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As I read blogs like this one and others, and as I grow in appreciation of other traditions, the one thing I keep having to stress, sometimes to my dismay, is that an interest in unity is not the same thing as a denial of particularity or genuine truth convictions. An interest in ecumenism is not the same thing as simply being nice.

I like to read things from other traditions because of what they can teach me. I like to see what they get right, and I like to see what they get wrong. I do not value Irenaeus simply because he is Irenaeus (though he is certainly worthy of my respect) but rather I value Irenaeus for what he sees in the Bible that I may not see. I value him for what he gets right. (more…)

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Fun With Multimedia #3

I finished a marathon three-day teaching round yesterday. I recorded the lectures and will post some of them unless they turn out to be unmitigated disasters. Anyway, this clip was designed to provoke all the controversial questions about baptism and get them front-loaded in the student’s mind so that their interaction with the material would be enriched.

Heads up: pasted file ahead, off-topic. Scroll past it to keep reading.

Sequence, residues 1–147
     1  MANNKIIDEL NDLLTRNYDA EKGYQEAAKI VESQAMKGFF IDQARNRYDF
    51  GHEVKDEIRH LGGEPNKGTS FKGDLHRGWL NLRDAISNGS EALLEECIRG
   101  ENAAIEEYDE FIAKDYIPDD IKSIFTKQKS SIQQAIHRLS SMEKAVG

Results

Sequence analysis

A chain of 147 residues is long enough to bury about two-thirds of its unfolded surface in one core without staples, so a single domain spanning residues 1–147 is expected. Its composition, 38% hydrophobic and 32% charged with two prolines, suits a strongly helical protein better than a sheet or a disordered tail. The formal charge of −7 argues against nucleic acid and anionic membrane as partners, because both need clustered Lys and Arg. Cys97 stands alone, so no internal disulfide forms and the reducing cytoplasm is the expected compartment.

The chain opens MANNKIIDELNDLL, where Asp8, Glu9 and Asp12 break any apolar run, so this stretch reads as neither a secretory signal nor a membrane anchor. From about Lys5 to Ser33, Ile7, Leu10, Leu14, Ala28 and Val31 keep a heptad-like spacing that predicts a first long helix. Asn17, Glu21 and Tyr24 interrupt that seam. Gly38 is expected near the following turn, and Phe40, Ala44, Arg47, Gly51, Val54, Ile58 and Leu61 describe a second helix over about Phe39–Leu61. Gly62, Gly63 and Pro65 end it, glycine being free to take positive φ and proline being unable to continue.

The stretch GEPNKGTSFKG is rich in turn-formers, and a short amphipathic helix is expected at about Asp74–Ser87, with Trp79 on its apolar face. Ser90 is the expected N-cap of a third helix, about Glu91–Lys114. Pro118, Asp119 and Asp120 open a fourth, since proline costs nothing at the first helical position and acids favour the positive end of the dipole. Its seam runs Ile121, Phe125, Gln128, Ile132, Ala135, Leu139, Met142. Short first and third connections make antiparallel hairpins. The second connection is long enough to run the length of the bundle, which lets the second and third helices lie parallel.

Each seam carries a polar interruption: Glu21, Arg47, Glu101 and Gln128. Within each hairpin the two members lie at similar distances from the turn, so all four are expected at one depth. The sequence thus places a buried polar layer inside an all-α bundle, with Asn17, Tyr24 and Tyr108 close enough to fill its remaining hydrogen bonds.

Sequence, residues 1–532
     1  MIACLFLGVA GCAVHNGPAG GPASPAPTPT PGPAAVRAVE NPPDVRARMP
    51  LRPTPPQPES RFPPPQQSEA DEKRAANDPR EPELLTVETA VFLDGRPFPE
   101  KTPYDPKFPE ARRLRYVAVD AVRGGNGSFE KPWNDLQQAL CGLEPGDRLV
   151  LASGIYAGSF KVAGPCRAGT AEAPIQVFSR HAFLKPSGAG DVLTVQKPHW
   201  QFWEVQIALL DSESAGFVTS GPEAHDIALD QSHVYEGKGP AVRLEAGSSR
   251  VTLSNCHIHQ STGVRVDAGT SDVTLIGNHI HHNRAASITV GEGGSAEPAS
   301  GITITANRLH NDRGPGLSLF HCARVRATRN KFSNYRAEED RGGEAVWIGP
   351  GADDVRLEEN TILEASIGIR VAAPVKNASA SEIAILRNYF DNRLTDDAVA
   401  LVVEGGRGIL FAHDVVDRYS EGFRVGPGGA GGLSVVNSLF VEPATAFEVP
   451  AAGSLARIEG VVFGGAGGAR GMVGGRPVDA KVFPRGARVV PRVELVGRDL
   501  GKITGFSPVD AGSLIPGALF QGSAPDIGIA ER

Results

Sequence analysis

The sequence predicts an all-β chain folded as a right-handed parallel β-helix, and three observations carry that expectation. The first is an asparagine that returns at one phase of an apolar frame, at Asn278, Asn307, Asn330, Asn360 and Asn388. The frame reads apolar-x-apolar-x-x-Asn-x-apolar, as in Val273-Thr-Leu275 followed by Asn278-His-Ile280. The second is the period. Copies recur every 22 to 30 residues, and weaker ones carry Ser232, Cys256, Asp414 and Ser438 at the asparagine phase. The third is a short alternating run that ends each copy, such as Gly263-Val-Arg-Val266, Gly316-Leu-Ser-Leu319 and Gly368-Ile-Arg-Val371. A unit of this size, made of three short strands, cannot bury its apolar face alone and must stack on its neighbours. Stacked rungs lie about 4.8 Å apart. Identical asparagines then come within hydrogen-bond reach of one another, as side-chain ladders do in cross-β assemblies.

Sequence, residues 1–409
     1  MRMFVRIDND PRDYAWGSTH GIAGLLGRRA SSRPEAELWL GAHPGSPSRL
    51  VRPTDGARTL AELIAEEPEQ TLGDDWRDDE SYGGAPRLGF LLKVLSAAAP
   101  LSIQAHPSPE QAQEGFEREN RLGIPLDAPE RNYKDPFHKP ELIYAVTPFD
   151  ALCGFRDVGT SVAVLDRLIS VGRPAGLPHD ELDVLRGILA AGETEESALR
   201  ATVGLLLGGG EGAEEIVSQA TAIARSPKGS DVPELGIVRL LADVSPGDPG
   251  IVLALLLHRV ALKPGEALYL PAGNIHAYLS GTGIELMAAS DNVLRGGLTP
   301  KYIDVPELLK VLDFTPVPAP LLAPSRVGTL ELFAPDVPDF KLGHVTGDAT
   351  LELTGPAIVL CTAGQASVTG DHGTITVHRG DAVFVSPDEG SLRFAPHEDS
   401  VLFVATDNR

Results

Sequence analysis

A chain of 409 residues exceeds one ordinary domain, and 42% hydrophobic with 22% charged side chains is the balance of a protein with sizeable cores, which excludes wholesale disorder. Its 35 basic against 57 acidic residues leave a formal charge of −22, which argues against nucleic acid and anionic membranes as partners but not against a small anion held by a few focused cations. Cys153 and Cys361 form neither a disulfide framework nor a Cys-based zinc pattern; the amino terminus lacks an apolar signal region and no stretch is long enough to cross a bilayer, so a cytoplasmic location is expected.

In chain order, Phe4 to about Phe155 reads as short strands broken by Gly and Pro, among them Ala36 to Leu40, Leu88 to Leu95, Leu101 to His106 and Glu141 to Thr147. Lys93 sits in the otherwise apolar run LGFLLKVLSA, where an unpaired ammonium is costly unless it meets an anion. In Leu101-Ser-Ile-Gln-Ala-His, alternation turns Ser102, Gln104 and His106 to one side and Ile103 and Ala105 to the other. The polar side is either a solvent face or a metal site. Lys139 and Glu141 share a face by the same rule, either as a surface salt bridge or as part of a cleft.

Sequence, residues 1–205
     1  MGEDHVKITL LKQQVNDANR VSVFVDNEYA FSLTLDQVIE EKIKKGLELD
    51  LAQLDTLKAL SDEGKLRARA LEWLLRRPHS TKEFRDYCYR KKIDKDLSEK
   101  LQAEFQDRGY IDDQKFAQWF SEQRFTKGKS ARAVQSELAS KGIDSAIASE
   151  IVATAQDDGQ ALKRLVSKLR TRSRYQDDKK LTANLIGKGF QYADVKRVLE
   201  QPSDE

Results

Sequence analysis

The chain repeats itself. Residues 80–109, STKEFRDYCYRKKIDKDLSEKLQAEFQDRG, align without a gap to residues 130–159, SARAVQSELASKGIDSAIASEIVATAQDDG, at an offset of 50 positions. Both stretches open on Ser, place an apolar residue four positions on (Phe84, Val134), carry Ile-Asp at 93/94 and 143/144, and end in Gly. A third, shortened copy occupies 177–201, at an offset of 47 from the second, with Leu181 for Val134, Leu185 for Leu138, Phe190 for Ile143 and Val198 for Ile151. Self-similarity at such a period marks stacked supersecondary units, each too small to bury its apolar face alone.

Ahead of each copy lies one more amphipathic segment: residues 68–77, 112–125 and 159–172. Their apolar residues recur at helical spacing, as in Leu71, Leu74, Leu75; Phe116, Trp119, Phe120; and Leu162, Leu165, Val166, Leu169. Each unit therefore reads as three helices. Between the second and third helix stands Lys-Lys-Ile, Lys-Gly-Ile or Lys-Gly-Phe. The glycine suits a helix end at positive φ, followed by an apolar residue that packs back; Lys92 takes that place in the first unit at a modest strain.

Baptism: Its Meaning, Effects, and Popular Misconceptions

Oh Brother, Where Art Thou? tells the story of a trio of escaped convicts. Ulysses Everett McGill (George Clooney), known as Everett, Pete Hogwallop (John Turturro) and Delmar O’Donnel (Tim Blake Nelson) escape from a chain gang and set out to retrieve the $1.2 million in treasure that Everett stole and buried before his incarceration. The story is based loosely on that of Homer’s Odyssey.

As this scene opens, the trio has just had a narrow escape from, as Everett terms it, “a tight spot.” After escaping from their chain gang they had spend the night in a barn owned by Pete’s cousin Wash, but are woken by the police. It is revealed that Wash has turned them in for their bounty. The police set fire to the barn, but Wash’s son rescues them. The group sets out for the treasure again, only to have their car (stolen from Wash) break down. As they are making plans for alternative transportation they encounter the congregation descending to the river to be baptized. (more…)

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Eucharist: Ratatouille & Anamnesis

Ratatouille tells the story of Rémy, a rat who lives in the attic of a French country home with his brother and his father as part of a rat colony. Inspired by France’s recently deceased top chef, Auguste Gusteau, Rémy does his best to live the life of a gourmet. Not appreciating his talents, his clan puts him to work sniffing for rat poison in their food. (more…)